Don’t believe me? Then, go to your room! [And read Hebrews 12 – you’re not in trouble. It’s for your own good.]
I’m not sure about you, but I’ve become really bored with TV. There are so many channels but there’s little of value that is worth spending time watching. I don’t think that I can give it up all together. (Hey, I still have to watch some college football and a show or two that I find entertaining). But, I want to make better use of my time: spend more time with my kids and wife, more time studying God’s Word and really digging deep, more time planning ways to reach out in our community, and more time building a business and ministry that I’m really excited about. These are things that are worth spending time on.
What about in your life? What’s worth giving up for something of greater value? If you looked back on your life in 10 or 20 years, what is something you wouldn’t regret giving up for something you would like to gain?
Jesus gave up His position in the heavens to come to earth and sacrifice Himself for us (see verses below). There was and never will be a greater sacrifice. For me, giving up a few hours a week of television seems like a no-brainer. It’s still tempting to sit down and flip on the tube and veg out, but I am quickly reminded as I see what isn’t on how wasteful it can be. There’s a lot more useful things I can do with my time. Plus, when my kids are older and don’t want to spend time with me, there will be plenty of time to watch all those seasons of 24!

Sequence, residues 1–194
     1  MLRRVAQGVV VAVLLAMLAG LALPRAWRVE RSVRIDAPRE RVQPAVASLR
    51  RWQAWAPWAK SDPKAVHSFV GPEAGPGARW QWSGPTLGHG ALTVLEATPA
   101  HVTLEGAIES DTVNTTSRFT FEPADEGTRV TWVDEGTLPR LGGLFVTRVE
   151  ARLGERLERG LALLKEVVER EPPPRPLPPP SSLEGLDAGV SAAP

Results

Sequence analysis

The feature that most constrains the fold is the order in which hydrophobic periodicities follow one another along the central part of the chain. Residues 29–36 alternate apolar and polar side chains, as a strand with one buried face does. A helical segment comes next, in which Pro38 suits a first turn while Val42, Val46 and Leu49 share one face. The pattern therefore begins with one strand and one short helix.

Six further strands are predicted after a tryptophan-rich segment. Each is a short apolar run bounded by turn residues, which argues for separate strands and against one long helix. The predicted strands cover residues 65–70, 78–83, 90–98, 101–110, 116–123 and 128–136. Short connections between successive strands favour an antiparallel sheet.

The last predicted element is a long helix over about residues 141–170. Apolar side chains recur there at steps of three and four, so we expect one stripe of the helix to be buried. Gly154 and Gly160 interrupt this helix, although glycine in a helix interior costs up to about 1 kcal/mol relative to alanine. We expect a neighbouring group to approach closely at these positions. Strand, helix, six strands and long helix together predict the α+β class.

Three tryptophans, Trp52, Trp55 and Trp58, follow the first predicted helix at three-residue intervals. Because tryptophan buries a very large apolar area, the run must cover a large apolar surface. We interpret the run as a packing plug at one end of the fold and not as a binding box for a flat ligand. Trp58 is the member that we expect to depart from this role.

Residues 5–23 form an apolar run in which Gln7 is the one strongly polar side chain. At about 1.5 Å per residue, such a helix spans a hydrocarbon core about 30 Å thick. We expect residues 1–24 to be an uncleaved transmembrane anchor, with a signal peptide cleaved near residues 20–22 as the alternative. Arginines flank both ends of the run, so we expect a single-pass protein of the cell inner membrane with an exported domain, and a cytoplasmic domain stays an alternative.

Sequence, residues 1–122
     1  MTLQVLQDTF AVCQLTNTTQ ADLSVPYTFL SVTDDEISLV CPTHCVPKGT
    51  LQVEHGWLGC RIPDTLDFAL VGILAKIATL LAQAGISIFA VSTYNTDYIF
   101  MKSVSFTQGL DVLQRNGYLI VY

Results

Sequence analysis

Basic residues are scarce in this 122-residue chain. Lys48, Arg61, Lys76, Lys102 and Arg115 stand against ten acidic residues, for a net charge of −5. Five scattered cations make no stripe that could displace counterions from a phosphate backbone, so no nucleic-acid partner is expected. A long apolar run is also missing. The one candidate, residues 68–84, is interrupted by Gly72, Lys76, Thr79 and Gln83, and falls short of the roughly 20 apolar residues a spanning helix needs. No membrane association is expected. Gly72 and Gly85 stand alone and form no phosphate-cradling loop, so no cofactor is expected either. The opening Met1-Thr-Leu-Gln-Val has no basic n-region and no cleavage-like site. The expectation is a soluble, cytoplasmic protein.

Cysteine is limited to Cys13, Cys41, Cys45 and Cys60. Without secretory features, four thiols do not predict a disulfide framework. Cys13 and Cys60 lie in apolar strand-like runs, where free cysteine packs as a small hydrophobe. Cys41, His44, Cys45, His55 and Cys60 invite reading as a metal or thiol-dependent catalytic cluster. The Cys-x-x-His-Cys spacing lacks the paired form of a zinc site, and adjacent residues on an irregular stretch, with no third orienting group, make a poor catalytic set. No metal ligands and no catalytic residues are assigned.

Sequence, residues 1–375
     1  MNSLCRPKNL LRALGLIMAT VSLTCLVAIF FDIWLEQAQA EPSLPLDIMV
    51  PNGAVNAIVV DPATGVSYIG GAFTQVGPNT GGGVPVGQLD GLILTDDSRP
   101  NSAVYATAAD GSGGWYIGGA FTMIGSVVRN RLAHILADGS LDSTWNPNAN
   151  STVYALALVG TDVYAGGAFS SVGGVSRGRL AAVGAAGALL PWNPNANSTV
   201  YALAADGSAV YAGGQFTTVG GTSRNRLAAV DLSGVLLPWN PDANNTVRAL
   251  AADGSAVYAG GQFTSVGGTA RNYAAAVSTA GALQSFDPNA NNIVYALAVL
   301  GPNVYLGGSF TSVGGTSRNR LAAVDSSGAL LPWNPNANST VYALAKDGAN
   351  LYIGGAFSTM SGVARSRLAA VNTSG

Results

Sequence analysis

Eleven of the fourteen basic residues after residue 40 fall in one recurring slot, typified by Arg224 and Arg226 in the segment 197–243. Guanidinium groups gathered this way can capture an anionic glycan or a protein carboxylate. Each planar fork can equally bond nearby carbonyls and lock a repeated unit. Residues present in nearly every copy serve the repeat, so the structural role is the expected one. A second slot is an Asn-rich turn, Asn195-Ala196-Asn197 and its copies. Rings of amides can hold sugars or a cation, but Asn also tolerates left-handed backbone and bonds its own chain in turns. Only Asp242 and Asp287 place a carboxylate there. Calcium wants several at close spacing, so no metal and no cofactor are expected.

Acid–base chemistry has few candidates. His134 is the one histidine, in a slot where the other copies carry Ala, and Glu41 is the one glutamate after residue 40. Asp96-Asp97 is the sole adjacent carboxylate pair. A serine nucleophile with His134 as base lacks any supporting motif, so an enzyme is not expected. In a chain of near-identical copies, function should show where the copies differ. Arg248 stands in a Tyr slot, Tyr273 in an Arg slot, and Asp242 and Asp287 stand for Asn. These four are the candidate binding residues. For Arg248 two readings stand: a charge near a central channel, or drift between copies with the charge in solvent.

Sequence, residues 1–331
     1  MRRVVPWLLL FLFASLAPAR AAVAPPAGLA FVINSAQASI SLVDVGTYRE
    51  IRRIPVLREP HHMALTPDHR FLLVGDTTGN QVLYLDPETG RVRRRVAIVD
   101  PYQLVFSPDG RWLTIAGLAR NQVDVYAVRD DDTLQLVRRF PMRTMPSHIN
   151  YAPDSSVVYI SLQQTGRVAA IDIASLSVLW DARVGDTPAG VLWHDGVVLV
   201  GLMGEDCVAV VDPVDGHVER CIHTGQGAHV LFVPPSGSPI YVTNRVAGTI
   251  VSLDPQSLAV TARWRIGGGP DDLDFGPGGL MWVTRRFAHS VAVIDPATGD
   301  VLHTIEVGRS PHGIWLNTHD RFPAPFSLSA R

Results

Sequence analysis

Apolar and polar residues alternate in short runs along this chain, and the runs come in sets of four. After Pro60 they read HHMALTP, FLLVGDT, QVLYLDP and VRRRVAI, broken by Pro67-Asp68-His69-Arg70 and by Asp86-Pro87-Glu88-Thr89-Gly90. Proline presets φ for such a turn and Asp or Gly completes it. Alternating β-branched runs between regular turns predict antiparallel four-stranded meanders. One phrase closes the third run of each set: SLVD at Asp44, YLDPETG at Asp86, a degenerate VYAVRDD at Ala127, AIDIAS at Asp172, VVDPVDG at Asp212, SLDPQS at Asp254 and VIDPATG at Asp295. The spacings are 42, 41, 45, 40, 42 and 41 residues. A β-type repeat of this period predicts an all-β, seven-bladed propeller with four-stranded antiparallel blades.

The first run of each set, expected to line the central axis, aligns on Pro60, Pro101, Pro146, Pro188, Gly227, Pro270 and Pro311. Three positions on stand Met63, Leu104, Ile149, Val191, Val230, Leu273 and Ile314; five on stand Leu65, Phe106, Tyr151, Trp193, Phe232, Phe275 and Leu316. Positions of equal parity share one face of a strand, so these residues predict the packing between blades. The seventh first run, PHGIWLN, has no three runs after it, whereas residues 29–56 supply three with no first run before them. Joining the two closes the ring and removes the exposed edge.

5 In your relationships with one another, have the same mindset as Christ Jesus:
6 Who, being in very nature God,
did not consider equality with God something to be used to his own advantage;
7 rather, he made himself nothing
by taking the very nature of a servant,
being made in human likeness.
8 And being found in appearance as a man,
he humbled himself
by becoming obedient to death—
even death on a cross!
9 Therefore God exalted him to the highest place
and gave him the name that is above every name,
10 that at the name of Jesus every knee should bow,
in heaven and on earth and under the earth,
11 and every tongue acknowledge that Jesus Christ is Lord,
to the glory of God the Father.